Wild Turkey Trail is a 1.6 mile loop trail located near Lewisburg, Tennessee that offers the chance to see wildlife and is good for all skill levels. The trail is primarily used for hiking, walking, and trail running and is accessible year-round. Dogs are also able to use this trail but must be kept on leash.
dogs on leash
Great fall hike with family post-thanksgiving. Well maintained trail that's easy for all levels!
nice easy trail.perfect for beginners.nice little pond on the right a ways in.I'll have to do this again in mid fall.now off to Henry Horton State Park hiking trails
easy trail.I liked it
Nice dayhike. It's pretty short but a peaceful walk in the woods.
According to the markers on the trail, it is only 1.5 miles. Parking is ample. No notable climbs. Not a bad track threw woods. Peaceful, but you can hear traffic from the nearby highway. Good place for someone starting to run trails.
The family decided to get out since the cold stretch was creating cabin fever. It was an unusual warm day so we decided to head up to Henry Horton State Park and do a day hike. We knew we didn't want to take a long hike since our four-year old is still developing his hiking legs but we needed to do something before we drove ourselves crazy.
Henry Horton offers numerous trails;
Hickory Ridge Nature Loop — 1.5 Miles (inner loop) — N3.5 Miles (outerloop)— Natural Surface — Moderate
Wild Turkey Trail — 2.0 Miles — Natural Surface — Moderate
Wilhoite Mill Trail — 1.0 Miles — Natural Surface — Moderate
Adeline Wilhoite Horton Nature Trail — 4.0 Miles — Natural Surface — Moderate
Henry Horton Greenway — 0.2 Miles — Porous Concrete — Easy
For our hike, we chose the Wild Turkey Trail. The website says it's a moderate hike but to an avid hiker like myself, it wasn't moderate at all. It was actually easy. Maybe what makes it moderate is simply the length at two miles.
Nashville Highway (Hwy 31) splits Henry Horton State Park. On the east side just on the south side of the park, you take Warner Road. Just up about one mile is the trail head to Wild Turkey Trail. There is a small parking area and park maintenance building.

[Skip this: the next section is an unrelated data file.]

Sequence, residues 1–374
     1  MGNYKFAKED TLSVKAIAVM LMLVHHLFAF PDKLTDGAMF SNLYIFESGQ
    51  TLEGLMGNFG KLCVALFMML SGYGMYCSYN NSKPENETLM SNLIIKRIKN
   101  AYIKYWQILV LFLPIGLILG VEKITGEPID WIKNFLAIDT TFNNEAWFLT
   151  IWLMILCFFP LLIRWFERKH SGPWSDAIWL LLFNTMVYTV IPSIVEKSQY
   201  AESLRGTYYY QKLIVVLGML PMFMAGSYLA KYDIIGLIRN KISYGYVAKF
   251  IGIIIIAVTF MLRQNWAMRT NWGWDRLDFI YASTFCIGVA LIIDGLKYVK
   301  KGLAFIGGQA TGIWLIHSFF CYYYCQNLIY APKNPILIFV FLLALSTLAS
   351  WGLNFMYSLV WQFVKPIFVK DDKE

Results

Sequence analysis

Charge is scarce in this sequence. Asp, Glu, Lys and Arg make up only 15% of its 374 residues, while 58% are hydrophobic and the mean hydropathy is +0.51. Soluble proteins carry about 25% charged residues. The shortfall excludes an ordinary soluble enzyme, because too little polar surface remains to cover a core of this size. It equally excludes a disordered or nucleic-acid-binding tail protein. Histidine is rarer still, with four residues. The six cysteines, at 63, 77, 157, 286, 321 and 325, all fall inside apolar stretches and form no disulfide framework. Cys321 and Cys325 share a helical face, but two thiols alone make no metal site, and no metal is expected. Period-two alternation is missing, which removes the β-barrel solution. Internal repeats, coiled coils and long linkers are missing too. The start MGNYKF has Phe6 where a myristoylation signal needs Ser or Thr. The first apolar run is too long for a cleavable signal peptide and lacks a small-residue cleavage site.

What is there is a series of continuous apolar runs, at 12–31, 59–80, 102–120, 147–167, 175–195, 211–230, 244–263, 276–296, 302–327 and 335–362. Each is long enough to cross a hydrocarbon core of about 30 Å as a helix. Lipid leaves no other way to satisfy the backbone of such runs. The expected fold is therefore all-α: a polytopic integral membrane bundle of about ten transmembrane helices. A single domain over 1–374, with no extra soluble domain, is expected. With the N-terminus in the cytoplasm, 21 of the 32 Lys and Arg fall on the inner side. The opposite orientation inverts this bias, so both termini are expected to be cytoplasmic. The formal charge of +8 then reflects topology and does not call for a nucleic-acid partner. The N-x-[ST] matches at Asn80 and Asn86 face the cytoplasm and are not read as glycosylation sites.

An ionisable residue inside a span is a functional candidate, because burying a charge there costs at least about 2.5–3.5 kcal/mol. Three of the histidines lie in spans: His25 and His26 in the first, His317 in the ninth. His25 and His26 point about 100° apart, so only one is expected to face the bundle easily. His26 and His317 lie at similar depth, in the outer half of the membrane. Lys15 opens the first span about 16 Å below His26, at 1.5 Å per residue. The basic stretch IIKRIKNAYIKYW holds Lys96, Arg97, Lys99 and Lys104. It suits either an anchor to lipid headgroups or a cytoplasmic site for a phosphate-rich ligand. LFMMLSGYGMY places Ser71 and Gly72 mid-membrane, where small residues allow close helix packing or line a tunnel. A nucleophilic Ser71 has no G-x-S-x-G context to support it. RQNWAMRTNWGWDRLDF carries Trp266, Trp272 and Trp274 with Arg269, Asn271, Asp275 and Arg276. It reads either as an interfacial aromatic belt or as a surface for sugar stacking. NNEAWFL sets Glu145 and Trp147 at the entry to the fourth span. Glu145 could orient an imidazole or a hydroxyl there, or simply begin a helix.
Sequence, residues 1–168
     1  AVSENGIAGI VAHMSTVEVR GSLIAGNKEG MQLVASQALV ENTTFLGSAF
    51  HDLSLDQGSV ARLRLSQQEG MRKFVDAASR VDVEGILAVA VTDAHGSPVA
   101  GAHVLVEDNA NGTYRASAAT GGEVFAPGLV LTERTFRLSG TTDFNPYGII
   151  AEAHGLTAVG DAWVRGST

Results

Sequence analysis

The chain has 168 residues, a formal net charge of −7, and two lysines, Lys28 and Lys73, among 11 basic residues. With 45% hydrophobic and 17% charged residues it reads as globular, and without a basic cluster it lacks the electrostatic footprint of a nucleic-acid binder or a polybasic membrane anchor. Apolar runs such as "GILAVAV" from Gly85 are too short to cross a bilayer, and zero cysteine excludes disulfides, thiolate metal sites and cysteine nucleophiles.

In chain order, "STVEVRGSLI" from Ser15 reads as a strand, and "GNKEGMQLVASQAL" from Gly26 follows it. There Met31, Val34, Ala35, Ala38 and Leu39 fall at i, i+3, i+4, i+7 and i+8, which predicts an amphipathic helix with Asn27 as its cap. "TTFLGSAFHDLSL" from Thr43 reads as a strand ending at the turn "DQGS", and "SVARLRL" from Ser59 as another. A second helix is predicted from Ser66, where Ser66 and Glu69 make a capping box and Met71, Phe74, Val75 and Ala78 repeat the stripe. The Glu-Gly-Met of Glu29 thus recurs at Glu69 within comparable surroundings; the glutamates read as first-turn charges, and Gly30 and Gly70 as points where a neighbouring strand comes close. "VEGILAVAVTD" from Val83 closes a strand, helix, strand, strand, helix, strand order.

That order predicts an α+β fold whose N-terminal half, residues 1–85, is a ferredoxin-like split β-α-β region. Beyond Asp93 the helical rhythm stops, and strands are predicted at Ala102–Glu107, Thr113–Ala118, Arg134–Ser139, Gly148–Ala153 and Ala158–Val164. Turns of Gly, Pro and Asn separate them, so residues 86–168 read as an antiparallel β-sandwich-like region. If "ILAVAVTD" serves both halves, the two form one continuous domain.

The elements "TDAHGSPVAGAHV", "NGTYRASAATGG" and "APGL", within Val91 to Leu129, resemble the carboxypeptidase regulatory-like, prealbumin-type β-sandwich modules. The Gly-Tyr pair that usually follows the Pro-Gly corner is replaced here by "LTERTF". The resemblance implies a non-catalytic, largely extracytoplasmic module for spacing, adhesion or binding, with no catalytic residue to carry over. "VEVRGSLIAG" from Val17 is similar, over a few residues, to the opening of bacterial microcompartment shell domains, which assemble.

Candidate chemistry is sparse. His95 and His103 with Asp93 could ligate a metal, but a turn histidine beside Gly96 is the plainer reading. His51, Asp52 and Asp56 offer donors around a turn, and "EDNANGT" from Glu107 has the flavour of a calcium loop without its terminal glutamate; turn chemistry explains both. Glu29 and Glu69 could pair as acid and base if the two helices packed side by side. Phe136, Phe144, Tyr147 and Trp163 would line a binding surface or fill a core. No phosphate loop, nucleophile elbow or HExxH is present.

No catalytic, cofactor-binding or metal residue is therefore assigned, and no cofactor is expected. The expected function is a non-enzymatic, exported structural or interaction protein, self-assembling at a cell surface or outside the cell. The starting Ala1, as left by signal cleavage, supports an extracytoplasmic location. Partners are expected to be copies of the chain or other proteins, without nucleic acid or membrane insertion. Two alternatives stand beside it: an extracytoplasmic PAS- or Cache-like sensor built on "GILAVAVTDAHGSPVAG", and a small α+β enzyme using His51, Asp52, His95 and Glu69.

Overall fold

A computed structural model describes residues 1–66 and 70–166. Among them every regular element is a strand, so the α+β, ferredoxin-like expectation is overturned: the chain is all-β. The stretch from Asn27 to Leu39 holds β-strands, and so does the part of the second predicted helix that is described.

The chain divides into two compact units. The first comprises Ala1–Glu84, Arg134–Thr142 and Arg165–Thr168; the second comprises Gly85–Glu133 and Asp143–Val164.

Just as you begin it meanders down into some oak trees with sporadic pines. It continues down and incline then turns to the right. Just as you turn there is what looks to be an old well or spring house. A small block wall and a water basin is all that is left.
You then begin to climb to your left. It's not a steep climb by all means. Just as you reach the top you'll find a cross memorial. Not sure if it really is a memorial or somebody was just fooling around. However, my four-year old was very intrigued with it.
The trail then cuts back to the right where you'll find a small pond of water. It's dirty and looks just to be a small crater that catches water. The trail circles around it and up ahead you'll find a larger pond. For some reason, I didn't snap a picture of this pond so I grabbed one from AllTrails.com. We took a few moments to sit and rest before moving on. Levi threw a couple of sticks in the water because that is what four-year olds do.
After moving on the trail continues its moving to the right. We were on the back side of the trail when I noticed in the woods a sign on the outward facing portion of a tree. I was curious why a sign would be pointing away from where the hikers would be so I investigated. Afterwards, I realized that there is a cemetery on the backside of the park with an old gravel road for a through-way.
Continuing on, we came across where someone attempted some bushcrafting. I always enjoy seeing things like this. I think its pretty cool that there is a renewed interest in bushcrafting and doing things the old way. This particular craft is a shelter of a main beam with limbs on each side with what would have been covered with leaves still attached to limbs or any other brush that would keep the person out of the elements.
Follow, follow, follow, follow, follow the red hiking man. I'm not a big fan of the new hiking "blazes" but they do hold up to the outside elements far better than fading paint or wooden trail markers. I am an old soul so I like the more raw and natural materials to communicate with hikers but I understand that aluminum is much longer lasting.
Nearing the end if you are hiking the Wild Turkey Trail clockwise, you come to a grove of pines. I am always fascinated with nature and the way it abruptly moves from one type of tree to the other. You can see that the trail cuts the two types of trees. It is magical to be walking along the oaks and find yourself surrounded by pines so tall and waving with the wind making a groaning noise as they sift and squeak as they rub against one another. The ground floor covered with pine needles reminds you of the softest bed you have ever lie on.
After walking past the pines the trail will take its last turn back towards the parking area. Levi did wonderful and Carrie and I both enjoyed being out of the house and walking in the calm of nature. If you are in the neighborhood, I would highly recommend checking our this two-mile hike. It won't take you long and you experience some fresh air and relaxation as you meander through the woods along Wild Turkey Trail.